BATS Global Markets and Direct Edge Holdings agreed to merge, uniting two of the biggest U.S. exchange operators amid a four-year decline in volume.
The third- and fourth-largest equity market owners said the transaction will close in the first half of 2014. Joe Ratterman, the CEO of BATS, will keep that role at the combined firm, while Direct Edge CEO William O'Brien will be president. Financial details weren't disclosed.
Formed by some of the fastest traders on Wall Street, the closely held companies have watched volume dry up in the U.S., cutting profits at the proprietary trading firms they count among their biggest customers. Shares changing hands on all U.S. exchanges have fallen 36% since 2009 to 6.3 billion shares a day in 2013 and profits for high-frequency traders slipped 80%, according to data compiled by Bloomberg and Rosenblatt Securities.
“Volume is weak,” said Dan Veru, chief investment officer at Palisade Capital Management who helps oversee $4.5 billion, in a phone interview. “That's been the trend going on for quite some time. So unless you have real scale, it's difficult to compete. Mergers like this probably create some scale.”
The companies' four exchanges will keep operating, using BATS' technology, according to a statement. The combination will be headquartered near Kansas City, Mo. BATS is based in Lenexa, Kan.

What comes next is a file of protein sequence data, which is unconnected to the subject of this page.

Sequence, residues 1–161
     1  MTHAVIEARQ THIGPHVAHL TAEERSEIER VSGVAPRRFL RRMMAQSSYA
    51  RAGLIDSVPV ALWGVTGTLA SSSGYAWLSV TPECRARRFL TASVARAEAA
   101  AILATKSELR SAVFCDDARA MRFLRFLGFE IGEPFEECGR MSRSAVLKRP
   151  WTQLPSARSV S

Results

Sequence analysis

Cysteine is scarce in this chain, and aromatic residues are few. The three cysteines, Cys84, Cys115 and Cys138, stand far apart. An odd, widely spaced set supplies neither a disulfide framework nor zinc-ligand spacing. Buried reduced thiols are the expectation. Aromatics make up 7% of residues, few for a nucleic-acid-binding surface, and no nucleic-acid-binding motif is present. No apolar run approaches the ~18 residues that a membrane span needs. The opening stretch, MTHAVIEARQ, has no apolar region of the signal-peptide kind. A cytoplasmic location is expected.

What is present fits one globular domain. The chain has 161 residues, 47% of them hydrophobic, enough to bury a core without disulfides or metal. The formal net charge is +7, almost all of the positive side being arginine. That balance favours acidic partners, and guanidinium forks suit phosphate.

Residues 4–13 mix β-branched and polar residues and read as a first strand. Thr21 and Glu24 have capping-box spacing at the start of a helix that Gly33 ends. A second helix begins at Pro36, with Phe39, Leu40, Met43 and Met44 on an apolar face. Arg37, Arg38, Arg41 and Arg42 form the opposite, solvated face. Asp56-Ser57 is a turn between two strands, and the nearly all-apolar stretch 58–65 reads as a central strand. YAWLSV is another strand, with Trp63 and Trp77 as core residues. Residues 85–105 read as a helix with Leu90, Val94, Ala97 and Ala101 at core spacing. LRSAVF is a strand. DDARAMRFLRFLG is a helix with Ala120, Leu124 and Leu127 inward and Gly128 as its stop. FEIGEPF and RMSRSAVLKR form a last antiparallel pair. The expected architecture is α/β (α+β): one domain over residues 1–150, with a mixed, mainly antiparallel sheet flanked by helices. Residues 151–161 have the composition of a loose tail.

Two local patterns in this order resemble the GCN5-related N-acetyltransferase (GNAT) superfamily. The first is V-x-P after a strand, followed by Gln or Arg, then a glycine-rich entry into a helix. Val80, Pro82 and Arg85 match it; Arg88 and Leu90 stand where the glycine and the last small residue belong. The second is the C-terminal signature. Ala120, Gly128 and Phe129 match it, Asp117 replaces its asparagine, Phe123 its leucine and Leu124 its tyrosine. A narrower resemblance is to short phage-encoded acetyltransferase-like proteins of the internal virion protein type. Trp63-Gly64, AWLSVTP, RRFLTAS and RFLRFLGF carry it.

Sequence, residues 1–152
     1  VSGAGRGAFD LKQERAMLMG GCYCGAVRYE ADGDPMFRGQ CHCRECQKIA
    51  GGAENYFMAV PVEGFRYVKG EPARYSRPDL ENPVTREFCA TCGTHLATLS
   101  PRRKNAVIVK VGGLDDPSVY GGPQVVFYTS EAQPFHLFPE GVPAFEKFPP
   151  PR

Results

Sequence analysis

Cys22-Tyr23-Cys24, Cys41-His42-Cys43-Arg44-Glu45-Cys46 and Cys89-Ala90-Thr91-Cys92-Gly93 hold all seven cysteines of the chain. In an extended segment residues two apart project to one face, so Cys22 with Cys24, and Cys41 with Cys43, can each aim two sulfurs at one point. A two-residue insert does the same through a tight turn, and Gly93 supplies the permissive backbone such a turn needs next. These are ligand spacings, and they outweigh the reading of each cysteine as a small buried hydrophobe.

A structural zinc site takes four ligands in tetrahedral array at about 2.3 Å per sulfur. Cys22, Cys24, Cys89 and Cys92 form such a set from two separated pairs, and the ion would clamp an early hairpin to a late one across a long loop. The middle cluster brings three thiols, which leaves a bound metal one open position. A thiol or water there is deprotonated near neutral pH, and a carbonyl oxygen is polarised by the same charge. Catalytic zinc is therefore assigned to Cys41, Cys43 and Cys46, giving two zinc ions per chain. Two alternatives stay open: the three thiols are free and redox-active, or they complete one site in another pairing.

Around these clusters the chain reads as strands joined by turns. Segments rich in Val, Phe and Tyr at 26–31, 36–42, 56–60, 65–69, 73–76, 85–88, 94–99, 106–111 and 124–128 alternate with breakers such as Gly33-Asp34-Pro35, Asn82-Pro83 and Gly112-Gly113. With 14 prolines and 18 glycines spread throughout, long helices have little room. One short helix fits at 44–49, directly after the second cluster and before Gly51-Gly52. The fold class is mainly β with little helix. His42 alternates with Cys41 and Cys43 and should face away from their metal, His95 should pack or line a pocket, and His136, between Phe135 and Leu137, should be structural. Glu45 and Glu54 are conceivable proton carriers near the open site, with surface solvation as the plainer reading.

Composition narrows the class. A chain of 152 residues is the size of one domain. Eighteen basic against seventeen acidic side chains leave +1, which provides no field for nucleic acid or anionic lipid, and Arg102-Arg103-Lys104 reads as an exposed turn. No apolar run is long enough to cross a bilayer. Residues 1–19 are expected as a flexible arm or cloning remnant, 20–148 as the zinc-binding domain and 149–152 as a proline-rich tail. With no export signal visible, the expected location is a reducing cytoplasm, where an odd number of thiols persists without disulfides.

BATS, an acronym for Better Alternative Trading System, started trading in 2006, aiming to match the incumbent exchanges on speed and beat them on prices. Seven years later, the firm's daily average U.S. equity market share is about 10%, according to data from Tabb Group. That compares to averages of 23% at NYSE Euronext and 18% at Nasdaq OMX Group. Direct Edge has about 11%, Tabb said.
The deal comes as IntercontinentalExchange prepares to complete the acquisition of NYSE Euronext, which owns the New York Stock Exchange, the oldest U.S. bourse. Combining BATS and Direct Edge would make them the second-biggest market by volume.
BATS, which tried and failed to go public last year, was founded in 2005 by high-frequency trader Dave Cummings of Tradebot Systems and, along with Direct Edge, helped dismantle the duopoly on American stocks that was enjoyed by the New York Stock Exchange and the Nasdaq Stock Market.